Ways to Make Smoking Less Harmful While Pregnant?
Nope. Smoking’s not just bad, it can be deadly — each year over 1,000 babies die because their moms smoked during the pregnancy — and there’s no way around that. When you inhale cigarette smoke — no matter what brand it is or where you do it — you expose your baby to nicotine, carbon monoxide and tar, which in turn can reduce his oxygen supply, restrict his growth, damage his lungs and increase his risk of being born with a serious birth defect.
The ideal time to quit smoking is while you’re trying to conceive, but if you’ve found yourself a pregnant smoker, it’s not too late. Remember: Quitting ASAP is the best thing you can do for baby right now. If you’re having a tough time kicking the habit, it’s definitely better to use a nicotine patch or gum than a cigarette, since there’s no smoke involved. But those quitting aids still feed your body (and your baby) nicotine, which is a stimulant and can harm baby’s growth and development. So only use nicotine products if they’re an endpoint to helping you quit, not as a replacement for cigarettes, since there really is no acceptable amount of nicotine for your baby. Otherwise, do whatever you can to quit today — try free smoking-cessation counseling from the National Cancer Institute (Smokefree.gov), or speak with your OB about other proven methods to help you quit for good.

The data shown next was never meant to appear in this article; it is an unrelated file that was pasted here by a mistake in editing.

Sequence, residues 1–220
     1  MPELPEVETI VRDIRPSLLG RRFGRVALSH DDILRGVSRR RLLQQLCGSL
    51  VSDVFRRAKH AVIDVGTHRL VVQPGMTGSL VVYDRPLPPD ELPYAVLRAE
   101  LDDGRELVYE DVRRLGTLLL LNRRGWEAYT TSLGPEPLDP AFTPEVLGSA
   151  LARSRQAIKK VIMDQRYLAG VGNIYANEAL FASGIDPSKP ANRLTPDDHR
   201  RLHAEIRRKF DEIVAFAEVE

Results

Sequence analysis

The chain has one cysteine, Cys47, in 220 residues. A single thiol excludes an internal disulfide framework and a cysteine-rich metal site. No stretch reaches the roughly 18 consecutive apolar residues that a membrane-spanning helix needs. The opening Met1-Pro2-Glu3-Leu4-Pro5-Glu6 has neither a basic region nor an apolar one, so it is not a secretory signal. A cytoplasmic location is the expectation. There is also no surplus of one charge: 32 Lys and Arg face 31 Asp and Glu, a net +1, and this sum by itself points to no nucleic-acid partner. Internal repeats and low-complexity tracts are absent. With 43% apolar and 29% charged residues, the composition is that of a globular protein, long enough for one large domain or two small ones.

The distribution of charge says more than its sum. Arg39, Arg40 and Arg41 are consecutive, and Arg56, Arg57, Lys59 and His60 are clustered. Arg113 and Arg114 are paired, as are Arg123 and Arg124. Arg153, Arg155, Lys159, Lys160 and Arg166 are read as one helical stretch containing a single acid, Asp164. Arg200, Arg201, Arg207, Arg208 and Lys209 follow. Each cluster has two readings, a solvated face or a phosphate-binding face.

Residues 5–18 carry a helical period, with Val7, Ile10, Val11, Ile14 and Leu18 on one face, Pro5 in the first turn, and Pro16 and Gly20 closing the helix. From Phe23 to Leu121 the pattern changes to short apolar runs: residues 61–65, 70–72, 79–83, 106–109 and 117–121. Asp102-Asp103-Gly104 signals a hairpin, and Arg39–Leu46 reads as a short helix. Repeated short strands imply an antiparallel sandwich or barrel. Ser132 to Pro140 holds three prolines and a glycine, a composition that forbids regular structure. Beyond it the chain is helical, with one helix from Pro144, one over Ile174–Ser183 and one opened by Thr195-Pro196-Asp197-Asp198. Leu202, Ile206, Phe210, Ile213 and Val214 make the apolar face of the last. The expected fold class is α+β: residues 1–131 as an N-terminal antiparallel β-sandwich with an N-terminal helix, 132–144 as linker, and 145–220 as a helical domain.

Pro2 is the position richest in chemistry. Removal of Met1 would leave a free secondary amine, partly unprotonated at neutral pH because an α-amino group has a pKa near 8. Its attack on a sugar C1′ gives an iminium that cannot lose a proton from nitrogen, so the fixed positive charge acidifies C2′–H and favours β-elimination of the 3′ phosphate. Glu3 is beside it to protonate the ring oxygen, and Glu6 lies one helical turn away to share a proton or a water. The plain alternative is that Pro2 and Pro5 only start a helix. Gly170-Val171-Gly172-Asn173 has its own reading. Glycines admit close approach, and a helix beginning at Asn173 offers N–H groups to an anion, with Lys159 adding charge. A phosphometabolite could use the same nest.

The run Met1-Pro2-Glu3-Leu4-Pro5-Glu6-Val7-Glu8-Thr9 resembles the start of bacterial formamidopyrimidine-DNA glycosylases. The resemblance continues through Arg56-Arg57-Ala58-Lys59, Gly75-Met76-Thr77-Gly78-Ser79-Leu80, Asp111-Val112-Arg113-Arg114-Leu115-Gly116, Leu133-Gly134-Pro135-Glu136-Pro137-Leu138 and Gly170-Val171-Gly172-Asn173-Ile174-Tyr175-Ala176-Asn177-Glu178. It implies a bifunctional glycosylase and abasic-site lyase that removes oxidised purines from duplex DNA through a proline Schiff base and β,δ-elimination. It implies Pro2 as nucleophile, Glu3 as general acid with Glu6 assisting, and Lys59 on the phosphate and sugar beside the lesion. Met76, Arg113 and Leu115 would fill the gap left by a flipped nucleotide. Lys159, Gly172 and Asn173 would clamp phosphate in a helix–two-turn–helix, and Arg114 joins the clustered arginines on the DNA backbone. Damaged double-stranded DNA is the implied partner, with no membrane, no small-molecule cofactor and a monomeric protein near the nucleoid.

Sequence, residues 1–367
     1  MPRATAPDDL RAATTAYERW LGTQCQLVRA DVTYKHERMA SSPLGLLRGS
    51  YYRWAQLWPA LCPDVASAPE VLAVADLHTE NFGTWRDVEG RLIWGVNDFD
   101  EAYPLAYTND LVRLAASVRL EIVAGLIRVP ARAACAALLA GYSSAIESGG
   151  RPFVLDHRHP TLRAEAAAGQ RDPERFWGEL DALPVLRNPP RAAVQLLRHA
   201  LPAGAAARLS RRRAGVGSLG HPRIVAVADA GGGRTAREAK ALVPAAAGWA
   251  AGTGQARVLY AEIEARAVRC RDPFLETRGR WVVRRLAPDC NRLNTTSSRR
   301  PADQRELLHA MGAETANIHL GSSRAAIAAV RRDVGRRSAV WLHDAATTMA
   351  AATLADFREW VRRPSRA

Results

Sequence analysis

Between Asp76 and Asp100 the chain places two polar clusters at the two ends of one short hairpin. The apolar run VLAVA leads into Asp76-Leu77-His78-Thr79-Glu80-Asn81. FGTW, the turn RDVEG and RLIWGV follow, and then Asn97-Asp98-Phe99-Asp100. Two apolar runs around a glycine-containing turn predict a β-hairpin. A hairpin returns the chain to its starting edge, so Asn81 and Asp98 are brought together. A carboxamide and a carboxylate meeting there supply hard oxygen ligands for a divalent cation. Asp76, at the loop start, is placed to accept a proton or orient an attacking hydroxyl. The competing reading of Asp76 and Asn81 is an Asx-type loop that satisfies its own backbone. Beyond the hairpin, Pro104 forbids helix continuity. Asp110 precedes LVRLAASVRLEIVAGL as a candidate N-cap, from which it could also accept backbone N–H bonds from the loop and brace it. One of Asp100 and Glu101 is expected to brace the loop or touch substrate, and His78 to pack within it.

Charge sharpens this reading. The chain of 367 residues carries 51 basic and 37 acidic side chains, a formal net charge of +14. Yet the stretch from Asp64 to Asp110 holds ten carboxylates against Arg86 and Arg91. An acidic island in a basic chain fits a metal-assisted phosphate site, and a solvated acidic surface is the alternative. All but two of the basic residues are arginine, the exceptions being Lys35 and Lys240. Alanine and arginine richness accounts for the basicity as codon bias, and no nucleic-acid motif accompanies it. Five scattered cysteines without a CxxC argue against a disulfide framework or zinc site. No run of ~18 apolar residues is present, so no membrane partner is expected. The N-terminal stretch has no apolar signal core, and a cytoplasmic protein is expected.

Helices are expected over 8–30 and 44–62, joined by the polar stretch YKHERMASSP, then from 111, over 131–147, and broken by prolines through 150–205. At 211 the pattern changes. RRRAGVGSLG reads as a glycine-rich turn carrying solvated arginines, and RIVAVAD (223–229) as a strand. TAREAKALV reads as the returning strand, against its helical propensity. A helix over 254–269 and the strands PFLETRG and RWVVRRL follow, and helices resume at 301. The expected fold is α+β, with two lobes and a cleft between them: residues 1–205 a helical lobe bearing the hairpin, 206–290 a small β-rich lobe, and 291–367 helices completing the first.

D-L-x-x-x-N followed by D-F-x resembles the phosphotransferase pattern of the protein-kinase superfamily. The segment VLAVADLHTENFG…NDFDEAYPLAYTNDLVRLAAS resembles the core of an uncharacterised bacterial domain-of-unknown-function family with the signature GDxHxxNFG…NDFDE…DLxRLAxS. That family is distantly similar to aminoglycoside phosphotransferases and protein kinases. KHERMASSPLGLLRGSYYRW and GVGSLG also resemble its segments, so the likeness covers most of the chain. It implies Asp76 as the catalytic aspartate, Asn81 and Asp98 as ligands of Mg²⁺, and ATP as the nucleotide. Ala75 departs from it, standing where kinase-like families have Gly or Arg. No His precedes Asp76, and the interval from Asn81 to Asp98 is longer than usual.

Please note: The Bump and the materials and information it contains are not intended to, and do not constitute, medical or other health advice or diagnosis and should not be used as such. You should always consult with a qualified physician or health professional about your specific circumstances.
Melissa M. Goist, MD, assistant professor, obstetrics and gynecology, The Ohio State University Medical Center